Wednesday, May 6, 2009

Fava Bean and Greens Crostini

Superagualdulce Morocco Strain Favas

I've been picking Superaguadulce Morocoo Strain fava beans for a few weeks now. These are the fava plants that are currently hosting a whole community of aphids and the beneficial insects that feed upon them. There seems to be a rather good balance of good and bad bugs in the favas. The aphids haven't disappeared, but neither have they gotten badly out of control. It's really rather fun to watch what is going on there. The lady beetles (convergent and sevenspotted) continue to mate and lay eggs that hatch out to their ferocious looking offspring, that pupate on nearby plants, and emerge to start the whole cycle over again. The syrphid flies are laying their eggs and the larvae are feasting. Soldier beetles are feasting. The parasitic wasps are laying eggs in the aphids. And there's other bugs that I can't identify that are seeminly good hanging out as well. What a show! I took more photos of the bug community but can't really stomach pictures of bugs coupled with food, so perhaps I'll post those some other time.

Anyway, I've had a nice steady harvest of favas for a few weeks now. Not as much as I would like since the Crimson favas haven't produced any pods yet, but I've been able to pick enough to enjoy in a recipe about once a week. I'm not sure why, but the Crimson favas have taken a long time to set pods. I got so frustrated with the plants, they had been in full bloom for a month and not one pod was to be seen anywhere. They came close to being written off and being used as green manure. Perhaps the plants listened when I started threatening them with their imminent demise on a daily basis. But, they still live and finally have some pods setting! In the meantime I've been harvesting tender young leaves from the plants to use in a variety of ways. There was a short article in the SF Chronicle recently about fava greens that I found to be informative.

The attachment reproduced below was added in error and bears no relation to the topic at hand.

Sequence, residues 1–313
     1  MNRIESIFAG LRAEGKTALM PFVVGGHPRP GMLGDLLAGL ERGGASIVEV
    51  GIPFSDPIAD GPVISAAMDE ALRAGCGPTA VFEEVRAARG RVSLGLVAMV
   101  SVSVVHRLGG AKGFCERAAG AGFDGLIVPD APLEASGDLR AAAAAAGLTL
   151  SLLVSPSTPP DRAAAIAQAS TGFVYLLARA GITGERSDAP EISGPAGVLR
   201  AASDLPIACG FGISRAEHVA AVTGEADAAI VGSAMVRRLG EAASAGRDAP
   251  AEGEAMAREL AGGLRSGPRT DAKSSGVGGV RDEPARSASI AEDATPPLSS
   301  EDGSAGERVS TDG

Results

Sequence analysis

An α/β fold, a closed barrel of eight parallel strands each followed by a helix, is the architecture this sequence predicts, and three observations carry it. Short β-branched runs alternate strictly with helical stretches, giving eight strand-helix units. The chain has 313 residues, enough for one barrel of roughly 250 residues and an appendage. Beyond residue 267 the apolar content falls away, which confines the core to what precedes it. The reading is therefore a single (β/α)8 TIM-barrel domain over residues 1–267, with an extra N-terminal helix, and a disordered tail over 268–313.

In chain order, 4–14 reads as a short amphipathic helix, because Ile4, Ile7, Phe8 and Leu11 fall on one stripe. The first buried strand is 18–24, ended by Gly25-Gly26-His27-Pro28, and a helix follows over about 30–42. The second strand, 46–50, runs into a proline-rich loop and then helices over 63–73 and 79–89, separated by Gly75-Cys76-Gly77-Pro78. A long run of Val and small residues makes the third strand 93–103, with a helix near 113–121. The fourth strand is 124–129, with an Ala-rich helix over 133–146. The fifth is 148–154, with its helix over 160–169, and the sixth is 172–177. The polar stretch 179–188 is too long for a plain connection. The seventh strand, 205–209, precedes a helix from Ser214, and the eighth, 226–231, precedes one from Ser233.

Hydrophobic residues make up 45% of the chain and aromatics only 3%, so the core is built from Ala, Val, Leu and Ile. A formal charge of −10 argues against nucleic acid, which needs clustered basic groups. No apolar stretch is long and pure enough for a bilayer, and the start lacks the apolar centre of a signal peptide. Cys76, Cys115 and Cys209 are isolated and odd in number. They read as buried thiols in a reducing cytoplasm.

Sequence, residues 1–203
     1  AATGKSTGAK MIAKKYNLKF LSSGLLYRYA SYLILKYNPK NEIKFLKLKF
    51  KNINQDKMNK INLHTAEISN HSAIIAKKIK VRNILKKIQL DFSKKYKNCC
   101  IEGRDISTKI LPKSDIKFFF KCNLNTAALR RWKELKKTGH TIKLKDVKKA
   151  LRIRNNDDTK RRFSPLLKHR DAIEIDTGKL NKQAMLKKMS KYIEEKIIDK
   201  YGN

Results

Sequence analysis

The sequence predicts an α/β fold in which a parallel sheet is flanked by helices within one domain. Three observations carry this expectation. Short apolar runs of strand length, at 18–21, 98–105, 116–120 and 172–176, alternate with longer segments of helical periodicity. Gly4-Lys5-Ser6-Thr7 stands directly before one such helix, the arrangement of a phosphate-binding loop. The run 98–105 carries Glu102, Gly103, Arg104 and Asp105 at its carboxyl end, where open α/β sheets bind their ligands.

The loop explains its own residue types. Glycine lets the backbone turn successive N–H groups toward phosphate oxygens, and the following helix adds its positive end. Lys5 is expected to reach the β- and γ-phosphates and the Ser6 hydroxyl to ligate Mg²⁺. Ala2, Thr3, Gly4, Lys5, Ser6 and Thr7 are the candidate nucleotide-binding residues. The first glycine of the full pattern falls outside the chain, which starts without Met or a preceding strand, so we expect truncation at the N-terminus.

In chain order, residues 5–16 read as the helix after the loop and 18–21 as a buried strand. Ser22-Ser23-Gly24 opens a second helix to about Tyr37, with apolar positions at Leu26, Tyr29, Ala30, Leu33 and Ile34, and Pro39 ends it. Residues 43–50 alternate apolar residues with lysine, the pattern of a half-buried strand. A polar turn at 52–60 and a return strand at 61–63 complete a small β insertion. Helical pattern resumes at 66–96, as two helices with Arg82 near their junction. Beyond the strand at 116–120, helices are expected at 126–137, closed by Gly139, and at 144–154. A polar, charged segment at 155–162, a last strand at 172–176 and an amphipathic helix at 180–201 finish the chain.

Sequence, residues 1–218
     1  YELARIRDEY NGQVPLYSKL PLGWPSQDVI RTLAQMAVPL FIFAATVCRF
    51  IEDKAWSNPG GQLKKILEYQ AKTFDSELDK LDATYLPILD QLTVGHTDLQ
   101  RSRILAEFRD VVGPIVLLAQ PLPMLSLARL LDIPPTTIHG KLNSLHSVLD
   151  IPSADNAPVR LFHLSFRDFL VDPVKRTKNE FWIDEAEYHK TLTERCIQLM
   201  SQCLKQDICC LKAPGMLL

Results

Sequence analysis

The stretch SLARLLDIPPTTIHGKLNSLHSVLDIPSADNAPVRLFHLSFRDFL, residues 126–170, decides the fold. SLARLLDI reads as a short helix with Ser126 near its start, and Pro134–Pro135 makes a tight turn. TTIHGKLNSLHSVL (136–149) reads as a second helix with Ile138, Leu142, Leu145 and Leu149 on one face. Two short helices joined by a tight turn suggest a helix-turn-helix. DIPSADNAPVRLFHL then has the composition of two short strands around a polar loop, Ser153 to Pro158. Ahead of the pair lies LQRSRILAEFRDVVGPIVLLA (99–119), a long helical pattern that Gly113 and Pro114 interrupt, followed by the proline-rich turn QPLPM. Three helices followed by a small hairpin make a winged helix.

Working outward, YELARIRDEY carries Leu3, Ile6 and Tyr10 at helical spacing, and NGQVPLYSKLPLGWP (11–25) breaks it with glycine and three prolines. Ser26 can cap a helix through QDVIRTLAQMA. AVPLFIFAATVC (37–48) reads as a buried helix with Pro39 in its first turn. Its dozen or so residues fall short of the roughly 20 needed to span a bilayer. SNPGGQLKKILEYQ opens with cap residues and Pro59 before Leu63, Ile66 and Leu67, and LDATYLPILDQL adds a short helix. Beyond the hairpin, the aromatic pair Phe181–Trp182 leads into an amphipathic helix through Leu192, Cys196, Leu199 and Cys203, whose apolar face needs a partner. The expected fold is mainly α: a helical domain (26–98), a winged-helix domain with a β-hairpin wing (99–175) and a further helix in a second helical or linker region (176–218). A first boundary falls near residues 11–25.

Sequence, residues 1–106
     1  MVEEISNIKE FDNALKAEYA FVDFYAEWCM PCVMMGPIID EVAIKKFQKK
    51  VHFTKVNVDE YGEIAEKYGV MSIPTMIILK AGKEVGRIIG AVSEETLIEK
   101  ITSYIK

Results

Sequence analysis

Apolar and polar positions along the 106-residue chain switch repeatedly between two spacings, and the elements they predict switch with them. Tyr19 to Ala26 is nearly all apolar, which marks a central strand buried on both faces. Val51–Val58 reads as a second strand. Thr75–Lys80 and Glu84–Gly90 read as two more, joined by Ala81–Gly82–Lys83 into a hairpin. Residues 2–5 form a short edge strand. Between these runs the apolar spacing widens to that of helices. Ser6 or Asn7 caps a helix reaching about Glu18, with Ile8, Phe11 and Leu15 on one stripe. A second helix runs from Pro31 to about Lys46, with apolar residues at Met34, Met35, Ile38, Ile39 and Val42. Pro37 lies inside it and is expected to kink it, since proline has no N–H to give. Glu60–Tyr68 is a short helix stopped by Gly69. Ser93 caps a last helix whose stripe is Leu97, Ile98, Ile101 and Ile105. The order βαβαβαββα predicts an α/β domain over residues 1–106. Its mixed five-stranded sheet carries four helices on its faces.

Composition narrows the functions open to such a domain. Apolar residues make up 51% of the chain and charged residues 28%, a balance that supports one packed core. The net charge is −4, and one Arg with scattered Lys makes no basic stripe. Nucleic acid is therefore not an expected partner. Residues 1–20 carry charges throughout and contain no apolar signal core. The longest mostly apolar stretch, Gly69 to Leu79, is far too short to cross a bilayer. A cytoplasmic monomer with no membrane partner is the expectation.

Crimson Fava Pods

The inspiration for my latest fava dish came from a recipe I saw in a magazine recently. The combination of flavors appealed to me but I assembled them (and others) in my own way to make a more substantial dish. It's not for the faint of tongue, not that it's hot and spicy, but the ingredients have rather assertive flavors. I put this together on the fly last night and did not take the time to measure ingredients so this is a rather loose recipe. The easiest way to peel fava beans (after popping them out of the pods) is to blanch them in boiling water for a minute, drain them and shock them in ice water to stop the cooking. Drain the beans and then you should be able to squeeze them out of their skins, you might have to nick the skin with your fingernail to split the skin first. I think this recipe is probably best with beans that haven't gotten to big and starchy.

Fava Bean and Greens Crostini

1 ounce thin sliced pancetta cut in pieces
1 stalk of green garlic, minced
About 1 cup of shelled and peeled fava beans, coarsely chopped
a handful of tender young fava greens, coarsely chopped
a handful of arugula, coarsely chopped
salt and pepper to taste
aged pecorino cheese
extra virgin olive oil
sliced country style bread